It is the second-longest river in Europe, flowing through four capital cities and linking ten countries. But as Europe suffered through its worst drought in recent memory this past summer, the mighty Danube’s waters have been reduced to their lowest level in nearly a hundred years—resulting in the exposure of a ghost fleet of sunken World War II–era German warships laden with explosives.
In September 1944, the Soviets were on the march and Germany’s Black Sea Fleet was in retreat. Having come under heavy fire from Soviet shore batteries and failing to punch through the “Iron Gate” gorge and head home to Germany, Kriegsmarine Rear Admiral Paul-Willy Zieb ordered upward of 200 vessels scuttled—including the more than 20 now surfaced near Prahovo, Serbia.
Zieb deliberately had the warships scuttled in zigzag patterns to bedevil the progress of the advancing Soviets. They have been an impediment to river traffic ever since—but never so much as they are now that the falling waters have exposed them to a far greater degree.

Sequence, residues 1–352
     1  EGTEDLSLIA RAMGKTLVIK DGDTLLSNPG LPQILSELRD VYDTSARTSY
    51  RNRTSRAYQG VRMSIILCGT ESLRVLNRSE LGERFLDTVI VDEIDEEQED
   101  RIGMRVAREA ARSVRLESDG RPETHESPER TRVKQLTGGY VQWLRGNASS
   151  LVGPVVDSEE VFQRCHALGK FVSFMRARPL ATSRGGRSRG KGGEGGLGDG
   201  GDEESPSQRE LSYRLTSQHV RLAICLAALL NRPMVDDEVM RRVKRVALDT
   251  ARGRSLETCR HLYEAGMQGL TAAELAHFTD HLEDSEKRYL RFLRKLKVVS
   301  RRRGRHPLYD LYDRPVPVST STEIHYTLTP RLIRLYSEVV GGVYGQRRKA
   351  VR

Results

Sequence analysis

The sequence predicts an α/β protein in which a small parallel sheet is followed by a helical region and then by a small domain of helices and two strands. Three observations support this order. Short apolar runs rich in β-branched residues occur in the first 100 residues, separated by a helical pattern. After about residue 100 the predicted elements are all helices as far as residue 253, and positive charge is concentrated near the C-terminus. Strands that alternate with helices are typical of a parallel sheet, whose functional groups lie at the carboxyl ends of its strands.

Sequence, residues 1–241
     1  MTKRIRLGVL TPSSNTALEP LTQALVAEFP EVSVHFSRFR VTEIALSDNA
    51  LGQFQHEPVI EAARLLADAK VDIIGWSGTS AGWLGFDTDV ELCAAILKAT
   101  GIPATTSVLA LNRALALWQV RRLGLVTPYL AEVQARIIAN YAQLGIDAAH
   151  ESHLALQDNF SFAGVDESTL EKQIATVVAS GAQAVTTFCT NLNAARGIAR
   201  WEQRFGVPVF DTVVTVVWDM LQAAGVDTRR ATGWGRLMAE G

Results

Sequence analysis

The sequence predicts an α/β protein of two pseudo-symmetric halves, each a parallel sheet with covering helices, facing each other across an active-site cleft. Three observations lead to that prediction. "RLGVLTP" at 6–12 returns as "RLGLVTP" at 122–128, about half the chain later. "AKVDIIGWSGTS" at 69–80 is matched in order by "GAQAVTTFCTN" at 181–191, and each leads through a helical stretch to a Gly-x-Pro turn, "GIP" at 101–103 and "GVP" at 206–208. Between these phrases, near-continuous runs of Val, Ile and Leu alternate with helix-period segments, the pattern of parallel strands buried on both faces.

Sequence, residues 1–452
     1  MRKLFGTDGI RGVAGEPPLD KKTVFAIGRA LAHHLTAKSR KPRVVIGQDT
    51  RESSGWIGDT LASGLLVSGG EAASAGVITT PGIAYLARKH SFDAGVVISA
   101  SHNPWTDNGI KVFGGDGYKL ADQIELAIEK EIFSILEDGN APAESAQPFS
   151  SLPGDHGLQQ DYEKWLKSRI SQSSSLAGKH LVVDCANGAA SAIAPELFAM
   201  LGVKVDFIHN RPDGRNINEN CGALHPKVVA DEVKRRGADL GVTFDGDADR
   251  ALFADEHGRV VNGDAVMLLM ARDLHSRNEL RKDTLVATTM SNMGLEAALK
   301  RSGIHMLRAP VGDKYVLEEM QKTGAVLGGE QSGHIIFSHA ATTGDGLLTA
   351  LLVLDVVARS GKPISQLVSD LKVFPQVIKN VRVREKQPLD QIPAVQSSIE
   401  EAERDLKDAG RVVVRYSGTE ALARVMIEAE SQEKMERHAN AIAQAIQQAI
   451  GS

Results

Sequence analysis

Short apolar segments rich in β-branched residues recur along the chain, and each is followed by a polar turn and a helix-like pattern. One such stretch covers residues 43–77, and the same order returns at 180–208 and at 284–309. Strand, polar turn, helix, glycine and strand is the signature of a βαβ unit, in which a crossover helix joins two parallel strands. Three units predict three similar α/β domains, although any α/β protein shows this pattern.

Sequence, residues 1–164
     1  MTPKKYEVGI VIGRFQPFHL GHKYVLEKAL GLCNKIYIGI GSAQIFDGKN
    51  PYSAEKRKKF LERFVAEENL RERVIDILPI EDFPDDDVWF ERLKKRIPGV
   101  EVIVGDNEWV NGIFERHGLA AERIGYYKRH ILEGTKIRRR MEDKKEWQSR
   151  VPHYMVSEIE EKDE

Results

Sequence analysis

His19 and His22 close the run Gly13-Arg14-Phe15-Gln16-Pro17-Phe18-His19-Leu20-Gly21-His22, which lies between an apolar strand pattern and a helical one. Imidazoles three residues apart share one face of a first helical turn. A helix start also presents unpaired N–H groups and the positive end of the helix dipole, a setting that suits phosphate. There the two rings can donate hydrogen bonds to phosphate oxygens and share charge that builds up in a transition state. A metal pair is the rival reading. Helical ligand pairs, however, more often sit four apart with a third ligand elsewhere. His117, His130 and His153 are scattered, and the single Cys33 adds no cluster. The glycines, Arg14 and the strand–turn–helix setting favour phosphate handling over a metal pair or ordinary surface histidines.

“The German flotilla has left behind a big ecological disaster that threatens us, the people of Prahovo,” local historian Velimir Trajilovic told Reuters. In addition to the dangers posed by tons of unexploded ammunition on board the hulks, the wrecks have reduced the navigable width of the Prahovo channel by nearly half—a mere 330 feet as opposed to the usual 600. At press time, the Serbian government was weighing the possibility of a removal operation with an approximately $30 million price tag.